Bob Farrell, executive chairman of technology and logistics company GlobalTranz, reveals his leadership tenents.
Paranoia May Not Destroy Ya
A company that builds a strong executive team needs to create opportunities for the best executives to rise, says Bob Farrell. That’s why on Jan. 1, 2019, Farrell moved from chairman and chief executive officer to executive chairman at technology and logistics company GlobalTranz, while chief financial officer Renee Krug moved into the CEO role. At the same time, GlobalTranz’s vice president of finance, Lara Stell, moved into the CFO spot.
For Farrell, watching talented people succeed is one of the most enjoyable aspects of working at GlobalTranz, the Scottsdale, Ariz.-based firm he joined in 2016. Putting people in positions where they can flourish is a basic principle of his leadership. “Let them generate personal success, and then the company benefits,” he says.
We recently spoke with Farrell about his priorities as a leader and about some current projects that keep life interesting at GlobalTranz.
IL: You’ve worked at many different technology companies. What attracts you to this segment?
We are changing the game. We are applying technology to automate and streamline operations while making data available for analytics and decision-making—all of which allows customers to scale their business while reducing costs and creating efficiencies. More importantly, we help customers leverage transportation, logistics, and supply chain management to gain competitive and/or operational advantage.
At GlobalTranz, we’ve been focusing on ways to leverage data through machine learning to facilitate predictive analytics, dashboarding, and reporting so our customers can make real-time business decisions and differentiate themselves from their competition. The convergence of these things makes GlobalTranz an interesting and exciting place for a technologist to come to work.
IL: Tell us about an early experience that helped to shape you as a leader.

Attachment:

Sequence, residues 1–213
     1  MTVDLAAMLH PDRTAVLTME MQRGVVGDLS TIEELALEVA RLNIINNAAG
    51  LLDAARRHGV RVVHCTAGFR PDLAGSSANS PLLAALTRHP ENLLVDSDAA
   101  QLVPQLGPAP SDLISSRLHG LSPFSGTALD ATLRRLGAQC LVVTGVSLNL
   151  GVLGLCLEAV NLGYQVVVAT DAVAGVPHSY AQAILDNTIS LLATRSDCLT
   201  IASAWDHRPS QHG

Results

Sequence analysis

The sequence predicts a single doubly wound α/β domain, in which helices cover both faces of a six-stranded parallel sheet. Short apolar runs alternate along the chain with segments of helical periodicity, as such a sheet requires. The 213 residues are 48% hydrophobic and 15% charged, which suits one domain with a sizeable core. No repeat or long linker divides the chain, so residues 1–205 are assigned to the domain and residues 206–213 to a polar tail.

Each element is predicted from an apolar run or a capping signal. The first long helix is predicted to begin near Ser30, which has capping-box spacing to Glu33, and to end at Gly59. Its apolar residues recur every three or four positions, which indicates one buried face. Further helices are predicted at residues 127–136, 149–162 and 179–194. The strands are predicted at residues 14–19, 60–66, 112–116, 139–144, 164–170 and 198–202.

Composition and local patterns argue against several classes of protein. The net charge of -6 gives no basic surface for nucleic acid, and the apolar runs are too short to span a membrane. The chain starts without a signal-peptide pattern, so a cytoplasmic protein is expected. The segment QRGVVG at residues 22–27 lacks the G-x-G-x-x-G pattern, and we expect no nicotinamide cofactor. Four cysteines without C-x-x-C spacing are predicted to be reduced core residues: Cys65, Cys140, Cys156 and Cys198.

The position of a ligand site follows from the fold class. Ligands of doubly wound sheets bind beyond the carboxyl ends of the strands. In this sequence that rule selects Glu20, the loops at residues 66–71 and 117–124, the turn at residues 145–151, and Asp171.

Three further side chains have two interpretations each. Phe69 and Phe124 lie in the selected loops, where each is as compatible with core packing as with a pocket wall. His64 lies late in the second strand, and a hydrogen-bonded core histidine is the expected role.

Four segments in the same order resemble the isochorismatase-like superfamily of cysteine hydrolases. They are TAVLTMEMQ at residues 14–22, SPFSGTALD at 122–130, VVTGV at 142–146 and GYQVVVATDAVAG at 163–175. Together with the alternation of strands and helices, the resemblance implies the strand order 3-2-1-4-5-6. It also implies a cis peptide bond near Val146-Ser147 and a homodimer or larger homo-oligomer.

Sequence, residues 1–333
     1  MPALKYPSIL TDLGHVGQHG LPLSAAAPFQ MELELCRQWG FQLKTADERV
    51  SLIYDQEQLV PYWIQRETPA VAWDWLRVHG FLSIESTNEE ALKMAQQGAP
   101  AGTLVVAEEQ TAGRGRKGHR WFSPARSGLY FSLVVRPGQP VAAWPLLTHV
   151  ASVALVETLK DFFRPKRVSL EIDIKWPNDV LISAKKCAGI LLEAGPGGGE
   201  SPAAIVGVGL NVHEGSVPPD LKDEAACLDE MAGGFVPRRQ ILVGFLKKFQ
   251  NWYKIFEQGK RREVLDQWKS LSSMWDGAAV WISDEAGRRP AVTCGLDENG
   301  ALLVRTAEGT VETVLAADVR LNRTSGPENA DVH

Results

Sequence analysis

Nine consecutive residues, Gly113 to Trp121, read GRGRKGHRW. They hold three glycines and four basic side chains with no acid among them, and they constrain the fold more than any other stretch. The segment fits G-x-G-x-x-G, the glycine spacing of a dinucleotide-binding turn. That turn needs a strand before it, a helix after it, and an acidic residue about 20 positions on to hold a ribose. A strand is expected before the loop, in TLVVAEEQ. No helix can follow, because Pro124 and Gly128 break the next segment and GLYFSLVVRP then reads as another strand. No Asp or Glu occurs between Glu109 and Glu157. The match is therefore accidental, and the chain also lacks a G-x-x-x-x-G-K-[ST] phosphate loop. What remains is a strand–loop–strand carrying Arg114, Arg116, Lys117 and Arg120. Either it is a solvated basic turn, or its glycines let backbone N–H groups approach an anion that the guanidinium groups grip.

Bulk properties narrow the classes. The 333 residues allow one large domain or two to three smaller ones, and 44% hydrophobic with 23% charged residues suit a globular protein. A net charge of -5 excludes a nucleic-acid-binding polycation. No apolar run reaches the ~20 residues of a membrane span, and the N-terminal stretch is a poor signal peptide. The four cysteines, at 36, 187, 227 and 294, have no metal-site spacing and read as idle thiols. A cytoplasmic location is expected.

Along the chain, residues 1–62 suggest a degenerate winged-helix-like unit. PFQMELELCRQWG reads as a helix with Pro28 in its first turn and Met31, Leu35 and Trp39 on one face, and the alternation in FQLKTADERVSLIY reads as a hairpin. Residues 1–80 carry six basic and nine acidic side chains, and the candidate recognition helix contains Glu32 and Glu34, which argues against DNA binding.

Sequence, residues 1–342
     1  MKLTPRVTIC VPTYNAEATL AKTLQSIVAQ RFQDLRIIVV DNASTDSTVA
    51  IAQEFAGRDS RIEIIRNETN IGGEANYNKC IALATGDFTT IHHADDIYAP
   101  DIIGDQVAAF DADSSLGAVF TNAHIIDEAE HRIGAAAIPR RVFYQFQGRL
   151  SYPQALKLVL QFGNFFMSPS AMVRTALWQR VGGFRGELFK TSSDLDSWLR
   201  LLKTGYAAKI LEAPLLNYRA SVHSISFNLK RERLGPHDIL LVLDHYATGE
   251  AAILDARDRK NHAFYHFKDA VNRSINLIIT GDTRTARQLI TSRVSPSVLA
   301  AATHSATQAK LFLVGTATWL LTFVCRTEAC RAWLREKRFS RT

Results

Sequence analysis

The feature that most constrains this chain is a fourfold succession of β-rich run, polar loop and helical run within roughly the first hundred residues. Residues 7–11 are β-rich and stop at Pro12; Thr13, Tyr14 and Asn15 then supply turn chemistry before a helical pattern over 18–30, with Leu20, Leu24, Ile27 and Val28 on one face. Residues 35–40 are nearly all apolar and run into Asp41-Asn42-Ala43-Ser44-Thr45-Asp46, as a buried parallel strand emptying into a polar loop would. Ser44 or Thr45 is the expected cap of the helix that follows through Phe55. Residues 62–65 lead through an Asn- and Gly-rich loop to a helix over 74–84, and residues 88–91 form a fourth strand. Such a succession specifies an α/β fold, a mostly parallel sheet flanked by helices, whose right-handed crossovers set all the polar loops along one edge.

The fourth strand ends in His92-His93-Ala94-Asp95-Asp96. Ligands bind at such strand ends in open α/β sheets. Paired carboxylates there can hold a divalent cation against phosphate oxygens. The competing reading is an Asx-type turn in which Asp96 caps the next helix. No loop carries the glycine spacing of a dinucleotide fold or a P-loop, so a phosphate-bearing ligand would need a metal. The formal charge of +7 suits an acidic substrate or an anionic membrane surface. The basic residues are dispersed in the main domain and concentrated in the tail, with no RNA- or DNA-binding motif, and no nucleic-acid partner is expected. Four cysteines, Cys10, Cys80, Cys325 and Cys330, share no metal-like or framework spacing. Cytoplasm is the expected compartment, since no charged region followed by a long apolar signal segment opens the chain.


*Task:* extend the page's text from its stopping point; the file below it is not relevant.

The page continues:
I’ve been in four CEO roles. Very early on, I learned that I was not going to be the one to solve problems directly. Rather, it was my job to put people in the position to make decisions, and make mistakes without fear of punishment, so they could gain the opportunity to improve.
I also learned that in any senior management role there are two things to worry about: the allocation of time and the allocation of capital. If we focus on the best use of our time, and the best way to leverage capital, we will be in a much better position to drive success.
IL: What big challenges do your customers face these days?
Many customers are worried about geopolitical issues. Some import raw materials or finished goods from countries that may be subject to more challenging tariffs in the future. Access to capacity is another big challenge. Our customers also struggle to find talent to hire. They look to providers such as GlobalTranz that have automated processes to help limit the number of additional resources they need, and to make their current resources more productive.
IL: Which current projects make you excited to go to work?
I’m excited about what we’re doing with data. We are creating visibility through a control tower that helps customers understand historical trends and predictions for the future, marrying those with information about their current and projected order flow. We use data to drive machine learning, to facilitate better decision-making, and to reduce the number of resources necessary to move goods most effectively.